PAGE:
As important as the Bond films are let’s never forget where it all started. Benjamin Clow takes a look at Ian Fleming’s first novel and provides us with a unique perspective on the literary side of Bond. What are your thoughts on Fleming’s Casino Royale novel? Let us know in the comments. Also, if you’d like to write a review of a Fleming novel, you can email us at firstname.lastname@example.org
The still, repetitive silence of the summer holidays can be very boring for a University student. Even worse when the household jobs begin to accumulate and one feels the all too familiar sting of sunburn from mowing lawns all day long. The one thing Benjamin Clow realised he needed, as he gazed out at his Hoagy Carmichael reflection in the bathroom mirror, was a distraction. He needed a blonde-haired beauty, a villainious plot to foil or a hidden hideaway to investigate. Luckily, he knew that if all his efforts for an adventure had failed, he could always turn to a well-written thriller on his bookshelf. He needed a book to cleanse the palate from all those months of elite literary fiction he had to read for his Uni papers. He watched a slight smile appear in the mirror back at him. All he needed was a bottle of ginger beer, enough sunscreen to cover Jill Masterson and a copy of Ian Fleming’s “Casino Royale”. With that, he knew his holidays would soon begin to show promise…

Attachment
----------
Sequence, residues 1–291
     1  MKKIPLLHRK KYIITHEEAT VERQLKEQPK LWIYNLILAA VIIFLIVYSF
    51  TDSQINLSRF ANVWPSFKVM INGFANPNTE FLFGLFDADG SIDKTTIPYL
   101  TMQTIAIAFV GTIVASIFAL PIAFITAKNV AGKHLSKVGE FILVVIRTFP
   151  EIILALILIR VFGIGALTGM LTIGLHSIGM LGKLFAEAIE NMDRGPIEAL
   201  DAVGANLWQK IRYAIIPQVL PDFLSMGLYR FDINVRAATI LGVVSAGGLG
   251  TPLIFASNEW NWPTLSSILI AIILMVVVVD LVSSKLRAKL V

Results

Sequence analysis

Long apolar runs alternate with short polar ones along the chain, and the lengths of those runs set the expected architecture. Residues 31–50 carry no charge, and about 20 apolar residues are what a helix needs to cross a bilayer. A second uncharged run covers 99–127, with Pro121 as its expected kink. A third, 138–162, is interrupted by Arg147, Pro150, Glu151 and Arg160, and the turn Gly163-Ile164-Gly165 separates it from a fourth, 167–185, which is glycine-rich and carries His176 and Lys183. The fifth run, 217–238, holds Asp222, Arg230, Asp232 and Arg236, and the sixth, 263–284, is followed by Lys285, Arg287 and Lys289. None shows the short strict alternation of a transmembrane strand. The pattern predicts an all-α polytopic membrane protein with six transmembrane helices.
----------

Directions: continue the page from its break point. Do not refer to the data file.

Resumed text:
Casino Royale is a must-read for any Bond fan, a strong first novel as well as an exciting introduction to the Bond series. Written in 1953, Fleming’s first novel is very much a time capsule of an era long past. The writing style and description of everything from food to hygiene habits, so alien to the writing of today, is as exciting as ever. This is a short and brutal piece of fiction. Even if you are not much of a reader, you will find yourself turning the pages with considerable ease. One can easily finish this book within one lazy Sunday afternoon, and it’s that easily consumed quality which is part of the novel’s charm.